Example of Ecological engineering in Vietnam (Photo credit: Dr HV Chien)
The rice ecosystems are inhabited by more than 100 species of insects. Twenty of them can cause potential economic losses. With the change in the climatic factors and modern cultural practices adopted for production a drastic change has been caused in the pest scenario in the recent past. Besides stem borer, gall midge, brown plant hopper and green leafhopper which were the major problems in past, several other relatively minor pests such as leaf folder, armyworms, cut worms etc. have gained importance. In a study conducted by the International Rice Research Institute (IRRI), it was found that, on average, farmers lose 37% of their rice yield to pests and diseases, and that these losses can range between 24% and 41% depending on the production situation (http://irri.org). All the pests are generally kept under check by their natural enemies (parasitoids and predators) by feeding on them. The food web of their relationships prevents the explosion of their populations and keeps them under economic thresholds mimimising the pesticide use.
What is Ecological engineering?
Ecological engineering is the integration of ecology with engineering. It is an approach to the restore the ecosystems that have been substantially disturbed by human activities such as environmental pollution, climate changes or land disturbance and the development of new sustainable ecosystems that have both human and ecological values. It not only involves conserving these natural inhabitants but also refraining from using insecticides in the early crop stage.
The concept was introduced in rice farming in China in 2008, and later on in Vietnam and Thailand. More recently, the Philippines also launched a project. Flowers or flower bearing crops alternatively are grown in bunds along with the rice crop to provide food and habitat for the parasitoids and predators which then lays their eggs on the insect populations in the rice fields. This gradually brings down the carryover of the pest populations and also the insecticidal sprays are reduced. In India, it can be other supplementary crops like sesame, soy beans or vegetables which can increase farmer’s income.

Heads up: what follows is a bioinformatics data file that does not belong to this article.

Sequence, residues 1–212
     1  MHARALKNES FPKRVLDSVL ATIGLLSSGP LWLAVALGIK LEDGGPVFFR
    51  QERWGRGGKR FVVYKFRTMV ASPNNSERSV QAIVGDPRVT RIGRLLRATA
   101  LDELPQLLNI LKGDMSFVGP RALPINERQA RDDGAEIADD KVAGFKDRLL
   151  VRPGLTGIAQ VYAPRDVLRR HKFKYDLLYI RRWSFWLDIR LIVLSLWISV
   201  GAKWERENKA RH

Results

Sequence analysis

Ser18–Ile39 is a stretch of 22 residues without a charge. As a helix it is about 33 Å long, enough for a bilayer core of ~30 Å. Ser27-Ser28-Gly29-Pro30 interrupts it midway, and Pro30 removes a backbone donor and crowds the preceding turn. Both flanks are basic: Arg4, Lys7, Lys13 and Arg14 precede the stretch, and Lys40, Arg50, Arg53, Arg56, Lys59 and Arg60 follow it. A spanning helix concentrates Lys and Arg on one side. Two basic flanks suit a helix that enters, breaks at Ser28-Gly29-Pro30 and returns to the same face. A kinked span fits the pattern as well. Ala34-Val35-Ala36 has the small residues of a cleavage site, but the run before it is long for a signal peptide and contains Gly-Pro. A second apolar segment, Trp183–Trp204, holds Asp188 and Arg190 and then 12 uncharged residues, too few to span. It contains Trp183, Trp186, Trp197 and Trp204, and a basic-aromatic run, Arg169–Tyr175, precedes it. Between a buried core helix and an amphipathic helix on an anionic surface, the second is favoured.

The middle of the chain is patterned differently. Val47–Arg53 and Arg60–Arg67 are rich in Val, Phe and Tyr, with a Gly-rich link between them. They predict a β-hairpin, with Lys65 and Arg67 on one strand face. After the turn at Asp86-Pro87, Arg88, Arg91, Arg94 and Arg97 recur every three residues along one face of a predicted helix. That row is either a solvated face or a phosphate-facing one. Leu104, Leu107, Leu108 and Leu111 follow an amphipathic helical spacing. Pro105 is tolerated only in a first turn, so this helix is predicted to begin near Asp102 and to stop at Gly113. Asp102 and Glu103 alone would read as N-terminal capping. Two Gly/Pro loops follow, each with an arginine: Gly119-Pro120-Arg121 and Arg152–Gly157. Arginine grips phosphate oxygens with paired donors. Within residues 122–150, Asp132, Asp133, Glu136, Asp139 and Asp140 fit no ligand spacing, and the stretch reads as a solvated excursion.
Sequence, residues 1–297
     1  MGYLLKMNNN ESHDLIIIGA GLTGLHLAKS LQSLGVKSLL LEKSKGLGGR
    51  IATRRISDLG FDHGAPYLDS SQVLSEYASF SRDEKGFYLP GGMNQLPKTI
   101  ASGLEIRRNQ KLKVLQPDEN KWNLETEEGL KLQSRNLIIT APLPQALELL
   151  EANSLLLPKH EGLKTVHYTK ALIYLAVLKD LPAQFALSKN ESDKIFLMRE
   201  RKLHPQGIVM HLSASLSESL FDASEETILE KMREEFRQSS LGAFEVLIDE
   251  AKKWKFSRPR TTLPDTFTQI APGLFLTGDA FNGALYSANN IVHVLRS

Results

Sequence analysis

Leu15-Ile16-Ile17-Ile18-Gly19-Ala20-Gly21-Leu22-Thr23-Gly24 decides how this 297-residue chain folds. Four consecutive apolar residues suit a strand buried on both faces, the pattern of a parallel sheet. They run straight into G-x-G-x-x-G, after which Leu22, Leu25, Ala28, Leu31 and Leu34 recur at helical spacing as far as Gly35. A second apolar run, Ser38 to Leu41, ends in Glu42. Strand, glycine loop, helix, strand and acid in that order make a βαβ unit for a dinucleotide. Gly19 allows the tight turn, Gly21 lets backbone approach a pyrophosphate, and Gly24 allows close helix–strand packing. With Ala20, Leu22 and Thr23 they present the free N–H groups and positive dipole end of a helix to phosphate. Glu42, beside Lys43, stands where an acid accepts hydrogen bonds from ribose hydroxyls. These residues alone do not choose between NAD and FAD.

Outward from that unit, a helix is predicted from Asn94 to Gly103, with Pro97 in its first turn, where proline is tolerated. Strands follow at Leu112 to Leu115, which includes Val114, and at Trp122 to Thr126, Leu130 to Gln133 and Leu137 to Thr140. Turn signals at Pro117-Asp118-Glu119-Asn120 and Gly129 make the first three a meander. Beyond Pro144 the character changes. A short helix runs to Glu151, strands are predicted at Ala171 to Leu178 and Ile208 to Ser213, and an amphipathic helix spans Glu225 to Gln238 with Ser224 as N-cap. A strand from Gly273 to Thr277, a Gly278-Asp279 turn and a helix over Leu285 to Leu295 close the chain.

The National Institute of Plant Health Management (NIPHM), India has also recently introduced this approach among farmers to aid them to maintain the biodiversity and keep pests under control while at the same time maintaining the rice eco-system. NIPHM is popularizing these concepts and is committed to create a pool of master trainers who in turn are expected to popularize AESA based Plant Health Management among farmers.
The adoption of this technology requires a community approach to be taken up by the farming community which will not only suppress the pest population but also enhances the soil health through organic bio-fertilizer utility. In the state of Kerala, India, Plant health clinics launched under the Crop Health Management scheme are also now promoting various sustainable technologies other than Ecological Engineering such as Agro Ecosystem Analysis, Onfarm production of biocontrol agents etc. along with regular pest and diseases diagnosis and surveillance based advisories to ensure that Plant Health Clinics are acting as a total solution to strengthen the whole plant health system.
Challenges in Implementation
The biggest challenge in its adoption is to motivate the farmers to adopt these concepts rather than looking for quick knock down by chemical sprays, raising awareness among them to stop the routine sprays and ask them to enrich the bunds with necatar-rich flower crops. As the scenario is worse in the developing countries than in the developed countries there is an urgent need to harmonise the countries guidelines on pesticide use and distribution to conform with the FAO Code of Conducts.
Most predators and parasitoids are hymenopterans and thus insecticides toxic to bees and hymenopterans in general needs to be avoided/reduced. These include neonicotinoids and pyrethroids. Recently neonicotinoids are established to have direct links with bees and pollination services. Similar effects on biological control services provided by the parasitoids are expected.
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